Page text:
Last week, The Seattle Times published an op-ed by Michael Saltsman of the D.C. Employment Policies Institute asserting that a recent EPI study had found Seattleâ€™s paid sick days law was hurting local businesses. As we pointed out at the time, EPIâ€™s â€˜reportâ€™ was basically an opinion survey of targeted opponents to sick days.
But Seattle has never been a city to sit quiet while a D.C mouthpiece purports to speak for our city and region. The Times published a handful of letters to the editor from supporters of paid sick days. Hereâ€™s what Seattle had to say about itself:
Leave especially important in food industry
Michael Saltsmanâ€™s critique of Seattleâ€™s paid sick-leave law neglects to mention the public-health benefits of enabling people to stay home from work when they are sick. [â€œGuest column: Sick-leave pay not a cure-all,â€ Opinion, Aug. 20.]â€¦
Everyone can agree that restaurant workers should not to handle food when they are sick. But without paid leave, some workers simply cannot afford to stay home, no matter how ill they are. In fact, a recent survey of food-service workers found that in the past year alone, 5 percent worked while experiencing vomiting or diarrheaâ€¦(continue)
Kelly Richburg, Seattle
Institute works against labor interests
The research director of the Employment Policies Institute, author of the recent column on sick leave, is part of a conservative organization devoted to keeping wages as low as possible, and benefits nonexistent. [â€œGuest column: Sick-leave pay not a cure-all,â€ Opinion, Aug. 20.]â€¦
I commend The Seattle Times for allowing this column to be printed, thereby allowing the reader to better understand the forces working against all working women, men and childrenâ€¦(continue)
Mark Parrent, Bellevue
Consider the source
â€¦As people read the recent guest column by Michael Saltsman, they should recognize the real agenda of â€˜fiscally-conservativeâ€™ think tanks like the Employment Policies Institute, which is to preserve profitability on the backs of those who canâ€™t help themselves. [â€œSick-leave pay not a cure-all,â€ Opinion, Aug. 20.]â€¦(continue)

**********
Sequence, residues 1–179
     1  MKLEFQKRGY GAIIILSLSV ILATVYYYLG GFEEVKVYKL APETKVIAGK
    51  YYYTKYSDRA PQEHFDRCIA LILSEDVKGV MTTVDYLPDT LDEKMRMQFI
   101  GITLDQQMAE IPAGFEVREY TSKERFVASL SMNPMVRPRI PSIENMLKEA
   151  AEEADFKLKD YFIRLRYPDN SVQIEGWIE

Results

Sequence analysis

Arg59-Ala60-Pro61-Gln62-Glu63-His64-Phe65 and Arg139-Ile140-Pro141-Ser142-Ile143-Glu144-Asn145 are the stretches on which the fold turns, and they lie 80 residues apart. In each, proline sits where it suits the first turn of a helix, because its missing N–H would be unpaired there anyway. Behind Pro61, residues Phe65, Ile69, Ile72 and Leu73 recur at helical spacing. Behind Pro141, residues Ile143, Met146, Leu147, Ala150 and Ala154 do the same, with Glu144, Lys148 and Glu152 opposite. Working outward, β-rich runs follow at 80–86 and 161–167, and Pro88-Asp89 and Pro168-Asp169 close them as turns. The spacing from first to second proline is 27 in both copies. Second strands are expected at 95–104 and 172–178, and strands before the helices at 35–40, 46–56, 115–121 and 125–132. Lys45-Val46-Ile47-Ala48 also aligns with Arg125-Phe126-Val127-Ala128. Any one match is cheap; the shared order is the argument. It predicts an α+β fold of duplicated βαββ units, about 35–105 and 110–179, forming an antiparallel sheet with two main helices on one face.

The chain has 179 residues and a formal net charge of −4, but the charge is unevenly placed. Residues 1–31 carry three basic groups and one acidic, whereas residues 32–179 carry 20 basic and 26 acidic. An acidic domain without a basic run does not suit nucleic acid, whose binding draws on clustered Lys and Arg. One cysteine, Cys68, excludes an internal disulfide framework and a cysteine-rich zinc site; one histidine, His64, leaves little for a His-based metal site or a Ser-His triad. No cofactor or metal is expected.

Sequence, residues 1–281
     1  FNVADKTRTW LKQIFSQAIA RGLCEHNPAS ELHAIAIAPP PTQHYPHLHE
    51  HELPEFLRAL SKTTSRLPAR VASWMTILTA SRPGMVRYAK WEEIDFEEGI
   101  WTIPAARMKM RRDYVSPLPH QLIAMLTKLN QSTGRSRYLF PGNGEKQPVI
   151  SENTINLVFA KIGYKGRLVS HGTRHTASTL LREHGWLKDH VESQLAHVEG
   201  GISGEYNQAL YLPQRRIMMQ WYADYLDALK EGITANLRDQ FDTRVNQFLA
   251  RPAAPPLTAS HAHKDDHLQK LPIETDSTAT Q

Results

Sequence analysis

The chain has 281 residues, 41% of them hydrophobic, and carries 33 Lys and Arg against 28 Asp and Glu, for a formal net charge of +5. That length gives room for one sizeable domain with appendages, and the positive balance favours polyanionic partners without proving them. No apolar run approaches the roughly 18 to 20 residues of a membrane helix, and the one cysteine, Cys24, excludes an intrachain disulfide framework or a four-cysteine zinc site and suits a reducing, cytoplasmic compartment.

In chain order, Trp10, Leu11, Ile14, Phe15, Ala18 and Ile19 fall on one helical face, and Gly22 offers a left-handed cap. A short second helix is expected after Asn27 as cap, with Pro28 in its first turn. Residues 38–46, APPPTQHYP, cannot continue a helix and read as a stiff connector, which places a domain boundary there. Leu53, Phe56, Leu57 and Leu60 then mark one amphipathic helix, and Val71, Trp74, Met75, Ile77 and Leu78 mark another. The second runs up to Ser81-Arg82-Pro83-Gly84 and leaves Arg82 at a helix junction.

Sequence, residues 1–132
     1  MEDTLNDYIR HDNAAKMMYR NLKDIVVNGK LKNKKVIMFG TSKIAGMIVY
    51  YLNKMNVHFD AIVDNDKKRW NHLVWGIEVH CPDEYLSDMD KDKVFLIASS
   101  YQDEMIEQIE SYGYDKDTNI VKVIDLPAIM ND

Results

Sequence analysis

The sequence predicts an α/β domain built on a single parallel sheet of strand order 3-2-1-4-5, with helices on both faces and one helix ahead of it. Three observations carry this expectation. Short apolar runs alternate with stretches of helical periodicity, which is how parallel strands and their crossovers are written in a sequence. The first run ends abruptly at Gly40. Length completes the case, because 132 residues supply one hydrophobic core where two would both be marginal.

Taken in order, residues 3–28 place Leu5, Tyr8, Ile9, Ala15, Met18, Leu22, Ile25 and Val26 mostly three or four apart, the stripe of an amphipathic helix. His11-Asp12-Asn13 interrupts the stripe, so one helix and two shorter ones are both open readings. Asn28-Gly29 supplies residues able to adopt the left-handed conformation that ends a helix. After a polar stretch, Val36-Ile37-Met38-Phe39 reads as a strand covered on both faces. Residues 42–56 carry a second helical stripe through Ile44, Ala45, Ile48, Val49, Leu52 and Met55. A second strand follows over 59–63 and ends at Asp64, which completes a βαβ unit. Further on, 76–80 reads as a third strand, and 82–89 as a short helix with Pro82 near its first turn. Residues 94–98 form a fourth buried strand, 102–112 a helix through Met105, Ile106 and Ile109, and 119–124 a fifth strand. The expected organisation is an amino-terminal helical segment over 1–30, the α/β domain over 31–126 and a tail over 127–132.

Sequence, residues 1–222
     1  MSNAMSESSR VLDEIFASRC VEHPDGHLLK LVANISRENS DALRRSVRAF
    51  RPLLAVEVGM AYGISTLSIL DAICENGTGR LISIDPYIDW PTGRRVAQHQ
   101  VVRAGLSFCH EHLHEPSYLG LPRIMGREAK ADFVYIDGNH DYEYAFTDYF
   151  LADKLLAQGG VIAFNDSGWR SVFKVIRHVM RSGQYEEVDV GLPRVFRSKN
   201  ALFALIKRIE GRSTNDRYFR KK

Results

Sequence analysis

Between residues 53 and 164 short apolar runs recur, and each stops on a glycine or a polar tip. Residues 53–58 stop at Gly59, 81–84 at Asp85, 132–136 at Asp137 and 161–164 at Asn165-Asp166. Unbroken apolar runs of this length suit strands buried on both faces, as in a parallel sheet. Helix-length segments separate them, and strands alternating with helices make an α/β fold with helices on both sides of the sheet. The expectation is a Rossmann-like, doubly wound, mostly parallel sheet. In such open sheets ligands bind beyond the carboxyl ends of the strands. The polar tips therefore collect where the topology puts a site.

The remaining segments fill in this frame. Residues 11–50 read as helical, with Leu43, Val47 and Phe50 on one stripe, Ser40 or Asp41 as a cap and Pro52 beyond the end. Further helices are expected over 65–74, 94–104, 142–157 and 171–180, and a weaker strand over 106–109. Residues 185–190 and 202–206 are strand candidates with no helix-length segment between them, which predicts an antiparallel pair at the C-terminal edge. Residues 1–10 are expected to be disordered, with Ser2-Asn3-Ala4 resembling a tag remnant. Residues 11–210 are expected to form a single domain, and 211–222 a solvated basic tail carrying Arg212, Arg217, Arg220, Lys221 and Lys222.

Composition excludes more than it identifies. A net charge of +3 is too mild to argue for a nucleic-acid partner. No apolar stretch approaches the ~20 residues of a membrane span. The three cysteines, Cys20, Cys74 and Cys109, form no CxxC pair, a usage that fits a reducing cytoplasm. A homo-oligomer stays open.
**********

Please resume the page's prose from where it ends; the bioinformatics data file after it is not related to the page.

Steve Hawley, Issaquah
EOIâ€™s Marilyn Watkins, who helped lead the campaign for paid sick days in Seattle and is now advocating for paid leave across Washington, also submitted a letter to The Times which ran in Sundayâ€™s print edition.
Sick-leave helps people
No one wants to be served by a sick waiter. No sick child should languish in the school nurseâ€™s office because their parent canâ€™t leave work.
Now, a year after Seattleâ€™s sick-leave law went into effect, we can be confident that workers in our city at least have the option of staying home when the flu strikes.
Michael Saltsmanâ€™s swipe at Seattleâ€™s law cites a survey of selected businesses, about one-third of whom believed sick leave would increase future costs. But he provides no evidence that it actually does.
The New York Times has described the Employment Policies Institute that did the survey as a â€œbusiness-backed nonprofit that â€¦ argues against a higher minimum wage,â€ whose industry donors include chain restaurants.
Itâ€™s too early to have good data on the impacts of the sick-leave law on jobs and public health. Meanwhile, Seattleâ€™s economy is the best in the state, and workers having reliable family income can only help.
Marilyn Watkins, policy director at the Economic Opportunity Institute, Seattle
Seattleâ€™s local media also responded to the attacks. Reporter David Goldstein, writing for The Stranger, called out EPI for its corporate backings and despicable funding source:
Although the Seattle Times describes EPI as a â€œnonprofit research organization,â€ itâ€™s really anything but. In fact, EPI is nothing more than just one of about two dozen front groups created by DC-based corporate lobbyist Richard Berman, a Beltway-insider notorious for his take-no-prisoners tactics, and his all-out assaults on such enemies of freedom as Mothers Against Drunk Driving and the Humane Society.
The Capitol Hill Seattle Blog also picked up the story and checked in with local businesses to see how the sick-leave law had impacted their bottom lines. The answer? It hadnâ€™t.
CHS talked to three Capitol Hill business owners who said implementing Seattleâ€™s paid sick leave regulations hasnâ€™t hurt their bottom line much at allâ€¦
Local chain MOD Pizza did not offer paid sick leave to its employees before the measure passed, but Chris Schultz, vice president of operations, said the ordinance caused the company to re-evaluate its policy. MOD Pizza now offers full paid sick leave to employees at all of its stores throughout the state of Washingtonâ€¦
If employees are comfortable in their working environment they will be less likely to abuse the policy, Schultz said.
â€œFolks want to come to work,â€ he said. â€œItâ€™s not like theyâ€™re intentionally trying to take time off.â€
â€œThey like their jobs,â€ [Molly Moonâ€™s Homemade Ice Cream owner Molly Moon] Neitzel said. â€œWe take care of them and in turn theyâ€™re great employees.â€
As for the estimated 65.4% of businesses that do not offer paid sick leave to their employees?
â€œI want to know what those businesses are so I donâ€™t go eat there,â€ Neitzel said.
Originally published at EOI Online